Though the latest reports provided more evidence that the economy remains in flux, investors vacillated, trying to hold on to the gains achieved in the previous session. Jolted by the most serious financial crisis in seven decades, the market has closed lower in the past four out of six sessions.
According to the Labor Department's Consumer Price Index, consumer prices plunged by the largest amount in the past 61 years in October as gasoline pump prices dropped by a record amount. While lower prices might be good for the consumer, they can hurt corporate profits. Lower prices also raise the threat of deflation, a prolonged bout of falling prices that hasn't been seen in the U.S. since the Great Depression.
Meanwhile, a government report on the housing sector showed that the industry's severe correction continues. The Commerce Department reported that construction of new homes plunged 4.5 percent last month to the lowest level on government records.
The market is also bracing for more testimony in Congress from the heads of General Motors Corp., Ford Motor Co., and Chrysler LLC. They are asking lawmakers for a massive infusion of cash to prevent millions of layoffs, stave off bankruptcy and stabilize the companies.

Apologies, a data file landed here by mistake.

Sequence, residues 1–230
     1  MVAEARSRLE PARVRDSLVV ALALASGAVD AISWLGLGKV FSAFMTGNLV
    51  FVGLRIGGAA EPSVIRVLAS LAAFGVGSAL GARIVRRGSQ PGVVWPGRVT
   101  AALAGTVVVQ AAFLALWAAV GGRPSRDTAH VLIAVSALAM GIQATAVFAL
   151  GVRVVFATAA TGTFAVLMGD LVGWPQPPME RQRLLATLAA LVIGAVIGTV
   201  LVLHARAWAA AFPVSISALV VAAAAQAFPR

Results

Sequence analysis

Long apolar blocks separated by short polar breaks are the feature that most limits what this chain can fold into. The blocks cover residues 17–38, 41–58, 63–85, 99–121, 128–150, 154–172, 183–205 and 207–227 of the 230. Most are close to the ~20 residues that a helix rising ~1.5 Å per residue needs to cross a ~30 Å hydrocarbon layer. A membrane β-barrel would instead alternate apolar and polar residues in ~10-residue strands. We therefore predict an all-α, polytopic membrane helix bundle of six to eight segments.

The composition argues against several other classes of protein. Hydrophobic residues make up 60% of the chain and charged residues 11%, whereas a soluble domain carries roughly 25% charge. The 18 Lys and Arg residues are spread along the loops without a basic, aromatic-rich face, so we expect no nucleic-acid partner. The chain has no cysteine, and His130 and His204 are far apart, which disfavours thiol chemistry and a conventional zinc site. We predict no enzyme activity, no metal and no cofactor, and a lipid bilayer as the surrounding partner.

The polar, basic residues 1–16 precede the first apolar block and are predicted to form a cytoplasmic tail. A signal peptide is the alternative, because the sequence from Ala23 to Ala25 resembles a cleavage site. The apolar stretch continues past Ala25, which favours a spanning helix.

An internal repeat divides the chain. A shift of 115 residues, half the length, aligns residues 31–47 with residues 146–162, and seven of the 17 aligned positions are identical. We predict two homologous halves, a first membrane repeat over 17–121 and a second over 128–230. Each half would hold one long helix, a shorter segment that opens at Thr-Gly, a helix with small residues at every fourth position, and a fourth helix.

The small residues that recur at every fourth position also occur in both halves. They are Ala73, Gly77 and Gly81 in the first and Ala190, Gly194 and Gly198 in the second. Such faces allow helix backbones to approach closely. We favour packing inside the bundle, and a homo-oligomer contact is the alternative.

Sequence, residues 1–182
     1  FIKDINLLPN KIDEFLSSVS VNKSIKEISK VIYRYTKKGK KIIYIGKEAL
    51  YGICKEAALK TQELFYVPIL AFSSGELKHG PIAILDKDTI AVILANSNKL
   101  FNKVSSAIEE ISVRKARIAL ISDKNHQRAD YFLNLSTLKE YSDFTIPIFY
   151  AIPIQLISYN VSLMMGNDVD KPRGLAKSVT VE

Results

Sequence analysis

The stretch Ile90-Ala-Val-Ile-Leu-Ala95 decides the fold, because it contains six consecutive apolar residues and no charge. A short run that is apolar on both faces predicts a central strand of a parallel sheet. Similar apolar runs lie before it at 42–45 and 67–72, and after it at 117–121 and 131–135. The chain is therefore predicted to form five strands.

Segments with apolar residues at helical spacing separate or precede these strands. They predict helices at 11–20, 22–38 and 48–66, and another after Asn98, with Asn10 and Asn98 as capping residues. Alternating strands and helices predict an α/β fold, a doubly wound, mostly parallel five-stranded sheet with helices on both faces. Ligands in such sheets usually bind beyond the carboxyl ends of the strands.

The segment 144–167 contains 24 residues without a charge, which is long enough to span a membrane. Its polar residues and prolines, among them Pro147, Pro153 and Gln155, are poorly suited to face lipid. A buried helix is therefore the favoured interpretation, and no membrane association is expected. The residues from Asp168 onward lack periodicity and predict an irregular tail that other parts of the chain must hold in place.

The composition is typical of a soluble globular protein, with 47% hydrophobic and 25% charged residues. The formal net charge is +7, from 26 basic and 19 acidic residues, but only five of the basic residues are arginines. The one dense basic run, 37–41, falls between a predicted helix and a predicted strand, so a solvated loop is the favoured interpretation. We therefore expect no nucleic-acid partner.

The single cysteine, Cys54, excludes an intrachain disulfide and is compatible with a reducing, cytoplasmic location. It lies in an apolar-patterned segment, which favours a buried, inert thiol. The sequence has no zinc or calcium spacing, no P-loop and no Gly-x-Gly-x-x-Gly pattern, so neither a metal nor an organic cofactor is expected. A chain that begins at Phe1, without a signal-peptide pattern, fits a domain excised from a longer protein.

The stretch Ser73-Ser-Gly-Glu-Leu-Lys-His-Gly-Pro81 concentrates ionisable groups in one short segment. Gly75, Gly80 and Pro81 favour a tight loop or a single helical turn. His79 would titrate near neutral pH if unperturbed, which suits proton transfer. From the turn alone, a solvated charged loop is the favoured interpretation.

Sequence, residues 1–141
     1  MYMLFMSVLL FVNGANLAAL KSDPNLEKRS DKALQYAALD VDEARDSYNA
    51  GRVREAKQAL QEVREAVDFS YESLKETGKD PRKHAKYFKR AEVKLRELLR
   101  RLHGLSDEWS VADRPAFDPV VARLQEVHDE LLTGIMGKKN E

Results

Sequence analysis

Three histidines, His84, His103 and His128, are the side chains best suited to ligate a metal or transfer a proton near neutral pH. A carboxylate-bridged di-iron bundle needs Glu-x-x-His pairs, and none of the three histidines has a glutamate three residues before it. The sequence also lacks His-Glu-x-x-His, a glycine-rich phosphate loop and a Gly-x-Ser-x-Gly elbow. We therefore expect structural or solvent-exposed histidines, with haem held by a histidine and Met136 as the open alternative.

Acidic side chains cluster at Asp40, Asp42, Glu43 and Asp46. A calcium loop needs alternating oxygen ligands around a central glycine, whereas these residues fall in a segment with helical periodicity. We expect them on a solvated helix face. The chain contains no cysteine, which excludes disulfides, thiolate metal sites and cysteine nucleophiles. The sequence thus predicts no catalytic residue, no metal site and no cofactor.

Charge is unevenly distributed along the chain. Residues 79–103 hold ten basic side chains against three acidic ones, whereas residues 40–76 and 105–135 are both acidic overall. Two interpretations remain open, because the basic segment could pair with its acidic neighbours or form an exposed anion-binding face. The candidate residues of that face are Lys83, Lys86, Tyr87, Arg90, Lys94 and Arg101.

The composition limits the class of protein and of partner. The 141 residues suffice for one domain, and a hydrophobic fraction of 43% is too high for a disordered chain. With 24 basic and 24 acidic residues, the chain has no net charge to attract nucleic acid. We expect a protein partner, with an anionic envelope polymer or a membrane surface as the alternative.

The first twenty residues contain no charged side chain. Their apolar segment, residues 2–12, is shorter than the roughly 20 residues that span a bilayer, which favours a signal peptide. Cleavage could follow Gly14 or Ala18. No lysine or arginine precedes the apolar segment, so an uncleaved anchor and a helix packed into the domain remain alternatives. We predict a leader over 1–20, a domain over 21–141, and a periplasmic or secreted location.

Investors are concerned at the repercussions should any of the three automakers collapse, an event that could ripple through an already battered economy. Congressional Democrats have proposed using part of the $700 billion financial bailout package to pump into the ailing auto industry, but Republicans oppose such an approach.
In the first half-hour of trading Wednesday, the Dow Jones industrial average fell 19.04, or 0.23 percent, to 8,405.71. Standard & Poor's 500 index fell 3.76, or 0.44 percent, to 855.36, while the Nasdaq composite index fell 3.86, or 0.26 percent, to 1,479.41.